"Look, bighorn sheep!"  I swivelled my head at the student's call and looked up at the rim of black lava rock high above.  Sure enough, one of the big animals peered down upon us, curious about what our group was up to.

I've painted in northern New Mexico many times, and this was only my second time seeing these beautiful creatures, munching grass along the rim of the Rio Grande gorge in Taos.  I was with master painter Albert Handell's mentoring workshop down in the gorge, by the scenic and historic John Dunn bridge, trying to capture the complex personality of a river rock.   This was only one of six days with the workshop, and every day offered us something new and exciting to paint.

Bighorn Sheep on the rim

I've worked with Albert many times over the last 20 years, both taking workshops and also serving as workshop coordinator.  For this one, I was Albert's invited guest—a real gift for me.  I worked hard this week to honor that gift.  And Albert did, too.  He was tough on me, noting in our final critique that he was a little disappointed that I'd not brought a particular painting to a satisfactory finish.  He said, "The painting has 'carrying power' from a distance, but when I get close to it, I don't see any touches of rich color and detail to excite me." Lesson learned.

Students from Alberta, Massachusetts, Arizona, Texas and Missouri joined us for the week.  For the workshop, Albert shared some of his favorite locations from over 30 years of painting there.  In the mornings, he painted, and if we wished to watch the work as a demonstration, he happily shared his thoughts with us.  Some of us watched; others set up beside him and painted the same subject; now and then, one of us went off on her own to paint.  In the afternoons, he went from easel to easel, offering suggestions and the occasional touch of paint or pastel to illustrate a point.  Then, in the evenings, we joined again for critiques and career-building discussions.  It's rare that Albert has a small group—there were just six of us—and we made sure to make the most of it.  In my view, Albert shared much information that was new to me, even though I've worked with him many times.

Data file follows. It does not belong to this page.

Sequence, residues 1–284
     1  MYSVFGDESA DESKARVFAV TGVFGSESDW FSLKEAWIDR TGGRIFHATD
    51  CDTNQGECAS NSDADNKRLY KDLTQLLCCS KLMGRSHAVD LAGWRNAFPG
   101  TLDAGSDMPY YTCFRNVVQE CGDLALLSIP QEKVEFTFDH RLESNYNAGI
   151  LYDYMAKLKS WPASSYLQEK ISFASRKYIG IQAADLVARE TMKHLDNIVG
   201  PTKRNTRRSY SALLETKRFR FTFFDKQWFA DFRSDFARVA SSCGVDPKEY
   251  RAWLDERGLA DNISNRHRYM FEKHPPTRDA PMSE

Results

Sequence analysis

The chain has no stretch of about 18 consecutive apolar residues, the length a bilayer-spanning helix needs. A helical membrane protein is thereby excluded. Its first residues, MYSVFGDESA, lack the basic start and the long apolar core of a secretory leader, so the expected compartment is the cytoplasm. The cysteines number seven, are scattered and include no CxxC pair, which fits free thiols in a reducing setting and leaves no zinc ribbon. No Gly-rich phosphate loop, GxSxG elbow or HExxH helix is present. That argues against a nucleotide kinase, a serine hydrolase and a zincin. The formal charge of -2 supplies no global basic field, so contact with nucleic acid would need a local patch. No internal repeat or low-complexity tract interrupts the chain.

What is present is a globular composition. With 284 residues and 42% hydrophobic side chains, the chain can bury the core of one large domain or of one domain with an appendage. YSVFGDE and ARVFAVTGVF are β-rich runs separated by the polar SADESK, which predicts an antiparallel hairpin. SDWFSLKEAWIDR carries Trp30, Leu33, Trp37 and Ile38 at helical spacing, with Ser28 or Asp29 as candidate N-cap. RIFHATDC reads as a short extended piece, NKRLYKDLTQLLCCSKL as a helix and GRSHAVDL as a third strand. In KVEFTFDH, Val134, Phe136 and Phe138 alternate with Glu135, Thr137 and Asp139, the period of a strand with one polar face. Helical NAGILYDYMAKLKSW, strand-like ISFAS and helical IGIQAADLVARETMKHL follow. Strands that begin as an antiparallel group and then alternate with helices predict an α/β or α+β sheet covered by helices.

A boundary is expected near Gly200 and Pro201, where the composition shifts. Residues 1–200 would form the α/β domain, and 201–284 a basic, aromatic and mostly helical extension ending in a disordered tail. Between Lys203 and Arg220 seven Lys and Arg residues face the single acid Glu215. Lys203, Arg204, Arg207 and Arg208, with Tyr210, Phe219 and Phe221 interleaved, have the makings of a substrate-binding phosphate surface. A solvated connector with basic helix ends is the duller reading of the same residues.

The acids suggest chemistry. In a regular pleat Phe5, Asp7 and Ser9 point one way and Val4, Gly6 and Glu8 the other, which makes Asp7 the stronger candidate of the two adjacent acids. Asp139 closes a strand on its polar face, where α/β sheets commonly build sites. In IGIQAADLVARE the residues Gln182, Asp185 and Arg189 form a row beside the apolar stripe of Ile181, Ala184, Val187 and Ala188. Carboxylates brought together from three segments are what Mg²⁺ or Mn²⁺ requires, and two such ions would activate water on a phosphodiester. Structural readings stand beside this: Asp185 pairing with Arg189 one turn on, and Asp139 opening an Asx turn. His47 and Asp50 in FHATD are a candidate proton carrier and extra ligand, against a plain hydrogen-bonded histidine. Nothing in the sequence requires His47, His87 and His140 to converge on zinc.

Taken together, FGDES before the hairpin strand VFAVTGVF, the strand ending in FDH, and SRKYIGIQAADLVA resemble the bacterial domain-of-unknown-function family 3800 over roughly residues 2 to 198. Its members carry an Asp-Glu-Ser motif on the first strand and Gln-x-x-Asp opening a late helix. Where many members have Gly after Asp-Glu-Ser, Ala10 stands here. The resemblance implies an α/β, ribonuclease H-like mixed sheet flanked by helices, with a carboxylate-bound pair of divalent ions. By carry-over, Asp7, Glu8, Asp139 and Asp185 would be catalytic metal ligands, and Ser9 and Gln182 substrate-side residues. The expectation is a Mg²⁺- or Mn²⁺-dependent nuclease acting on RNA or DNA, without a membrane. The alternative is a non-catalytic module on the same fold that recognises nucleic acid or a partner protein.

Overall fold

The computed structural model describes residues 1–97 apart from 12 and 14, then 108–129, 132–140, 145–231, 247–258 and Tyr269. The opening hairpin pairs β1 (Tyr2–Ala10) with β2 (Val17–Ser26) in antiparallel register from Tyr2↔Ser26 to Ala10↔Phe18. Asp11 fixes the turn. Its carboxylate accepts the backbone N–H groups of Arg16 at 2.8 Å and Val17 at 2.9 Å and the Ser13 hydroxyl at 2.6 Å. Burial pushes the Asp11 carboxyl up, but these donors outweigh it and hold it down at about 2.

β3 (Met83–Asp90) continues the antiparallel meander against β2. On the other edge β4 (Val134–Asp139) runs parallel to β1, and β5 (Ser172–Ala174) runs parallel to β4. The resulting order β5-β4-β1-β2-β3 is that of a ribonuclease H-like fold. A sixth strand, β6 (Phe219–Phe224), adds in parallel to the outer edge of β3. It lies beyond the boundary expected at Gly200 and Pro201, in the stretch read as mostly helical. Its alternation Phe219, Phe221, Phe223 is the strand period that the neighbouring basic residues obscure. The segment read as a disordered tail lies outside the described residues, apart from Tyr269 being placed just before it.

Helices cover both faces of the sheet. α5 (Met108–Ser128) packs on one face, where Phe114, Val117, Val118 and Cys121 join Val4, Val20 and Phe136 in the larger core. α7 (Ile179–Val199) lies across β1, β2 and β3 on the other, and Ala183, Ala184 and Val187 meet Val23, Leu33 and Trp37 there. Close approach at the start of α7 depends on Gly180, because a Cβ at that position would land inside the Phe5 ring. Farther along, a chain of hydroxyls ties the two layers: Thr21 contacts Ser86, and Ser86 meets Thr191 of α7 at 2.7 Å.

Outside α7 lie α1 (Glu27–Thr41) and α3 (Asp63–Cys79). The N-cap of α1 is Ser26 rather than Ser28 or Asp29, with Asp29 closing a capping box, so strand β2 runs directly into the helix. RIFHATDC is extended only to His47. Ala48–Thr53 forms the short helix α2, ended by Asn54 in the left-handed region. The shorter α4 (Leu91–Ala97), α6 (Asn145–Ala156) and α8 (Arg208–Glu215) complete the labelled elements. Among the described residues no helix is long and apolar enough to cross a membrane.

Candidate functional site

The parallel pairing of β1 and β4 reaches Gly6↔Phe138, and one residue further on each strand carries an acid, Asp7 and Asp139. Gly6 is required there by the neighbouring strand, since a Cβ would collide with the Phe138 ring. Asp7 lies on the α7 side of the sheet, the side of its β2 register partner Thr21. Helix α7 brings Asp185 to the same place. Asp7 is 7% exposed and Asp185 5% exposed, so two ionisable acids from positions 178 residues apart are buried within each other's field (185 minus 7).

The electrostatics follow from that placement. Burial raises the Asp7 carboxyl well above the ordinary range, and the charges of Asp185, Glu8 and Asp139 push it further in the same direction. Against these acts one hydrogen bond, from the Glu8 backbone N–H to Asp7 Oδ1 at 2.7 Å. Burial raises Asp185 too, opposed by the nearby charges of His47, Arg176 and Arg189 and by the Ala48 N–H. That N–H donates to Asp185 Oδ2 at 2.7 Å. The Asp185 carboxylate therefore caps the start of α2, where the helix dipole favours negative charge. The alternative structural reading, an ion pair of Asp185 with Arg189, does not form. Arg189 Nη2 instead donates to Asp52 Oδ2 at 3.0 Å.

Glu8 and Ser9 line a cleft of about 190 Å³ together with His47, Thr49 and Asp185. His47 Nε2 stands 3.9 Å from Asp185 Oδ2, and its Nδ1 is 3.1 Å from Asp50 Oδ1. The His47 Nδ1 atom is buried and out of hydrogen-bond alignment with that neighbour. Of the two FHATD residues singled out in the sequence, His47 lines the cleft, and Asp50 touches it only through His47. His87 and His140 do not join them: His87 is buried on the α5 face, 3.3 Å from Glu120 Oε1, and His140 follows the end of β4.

I thought I'd share a few photos as well as some of my paintings from the week.  By the way, if you are an experienced painter and would like to paint Taos, I'm scheduling a painting retreat (not a workshop) for October 4-9, 2020.  As with my previous retreats, I'll give preference to previous students.  If you haven't taken a workshop with me yet, I have two coming up in Sedona, Arizona (November 5-8, 2019, and April 7-10, 2020) as well as some in Lubec, Maine, next summer.  If you'd like to be on the "interested" list for Taos, please let me know.  For a full workshop schedule, please visit

Here are some of the paintings:

"Along the Mountain Road" 12x14 Oil

"High Desert Barn" 12x16 Oil

"Rio Grande Quiet" 12x14 Oil

"Rio Hondo Pool" 12x16 Oil

"Taos Field" 12x18 Pastel
"Cliff Shadows" 12x16 Oil

 Here are a couple of videos:

Trina shot this while I painted along the Rio Hondo.
(Can't see the video? Link is here:

This little visitor kept me company.
(Can't see the video? Link is here:

Here are some photos:

I visited the grave of Mabel Dodge Luhan.
Don't know the name?  Look her up.

Aspens were in full color up the mountain.

A cache of petroglphys surprised me at one spot.

One morning, it was cold enough for ice!

Trina and Raku hiked while I painted.

I guess the fishing was good in the river.

Albert making a mark to make a point.

A demonstration in the studio by Albert.

Painting at John Dunn Bridge.

Near John  Dunn Bridge.

On the banks of the Rio Hondo.
It's just a sliver of water with an even narrower sliver
of bank, and my feet got wet.

Taos Mountain and a stage prop.

Demonstrating in the field by Albert.

At John Dunn Bridge.

The famous bridge itself.

After the workshop, I visited the Nicolai Fechin Museum.
This is Fechin's painting of his daughter, Eya, whom I met
years ago just before she died at age 87.

Wednesday, October 16, 2019

Supply Lists—Miscellaneous Items

The ViewCatcher

Finishing up my series of posts on supply lists, I offer here the supply list of miscellaneous materials for my plein air painting workshops.  (You can always find the current supply list here.)

Outdoor easel:  For oil, I like the 9x12 Guerrilla Painter Box or 10x12 Open Box M plus tripod.   If you use a tripod, make sure it has a metal head, not plastic.  I use the ProMaster XC525.  Whatever easel you use, it should be portable and lightweight and above all stable.  An old standby is the trusty French Easel.  If you bought a new easel for the workshop, make sure you know how to set it up.